John Chambers has a standard response to anyone who asks, "What are your credentials for teaching the Constitution?"
“Zero,” he says. “I am a citizen who took an interest. I have no more intelligence or education than anyone else.”
His father might tell you that John’s interest began when he was twelve. That summer, Pop sat young Johnny down and had him copy the Constitution into one of those composition books with the squiggly black-and-white covers. On the left-hand page, Johnny would copy the document in its original language. On the facing page, he translated it into modern English.
Years later, John Chambers was asked by a friend who runs the California Ranch School, a private high school, if John would do some writing for the school. While at the school, a few of the students asked Mr. Chambers if he could teach them something about the Constitution. He could.
The first class was to be strictly a reading of the document but it soon became apparent that was not enough. John remembered his own 12-year-old struggles. He may have read the Constitution, but his life experience was not enough to grasp the concepts.
“I knew the words,” he says, “but couldn’t sing the tune.”
As that first class read through the document, Mr. Chambers got them to give examples from their own lives.
The next class of students had a study guide with many of the difficult words defined and some examples for teenage lives.
The study guide had weak points still. It improved in that class and the next.
Mr. Chambers was soon teaching courses to neighbors and as an extension course at the local community college. With each class given, Mr. Chambers would see the weaknesses of his study guide, and its strengths. After five years of revisions, the study-guide became as stable as any textbook and became more broadly available. It makes governance come alive for students of all ages – well, anyone 16 or older.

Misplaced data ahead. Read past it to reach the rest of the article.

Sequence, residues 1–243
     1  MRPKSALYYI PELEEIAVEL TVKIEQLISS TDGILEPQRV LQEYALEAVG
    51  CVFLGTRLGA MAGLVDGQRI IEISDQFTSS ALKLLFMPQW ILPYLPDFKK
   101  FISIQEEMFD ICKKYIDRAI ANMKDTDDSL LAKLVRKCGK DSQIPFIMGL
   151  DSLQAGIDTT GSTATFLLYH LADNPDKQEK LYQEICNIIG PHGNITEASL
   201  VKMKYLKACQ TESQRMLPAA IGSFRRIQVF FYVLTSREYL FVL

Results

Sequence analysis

“We don’t teach ABOUT the Constitution,” he said. “Going through it word-by-word, section-by-section, we study the document itself.”
Mr. Chambers’ study guide going through the Constitution section-by-section is used by private schools and by homeschoolers across the county.
In the mid-1990s, a scout master in Texas started calling him "Mr. Constitution."
Grants Pass, Oregon
When he moved to Grants Pass, Oregon, he started the Josephine County Constitution Study Group.
Local elected officials have been known to attend. The representative to the state legislature, who also owns the hometown radio station, invited Mr. Chambers for a monthly Study Group on the Air. That series of podcasts goes through the Constitution and Declaration of Independence word-by-word.
“Words are very important,” Mr. Chambers says. That is why his lessons, whether live, on air, or in print, always define the words.
In Grants Pass, a number of attendees to the meetings started calling him "Mr. Constitution."
Remembering the name given him by the scout master in Texas some 20 earlier, Mr. Chambers decided his name must really be Mr. Constitution.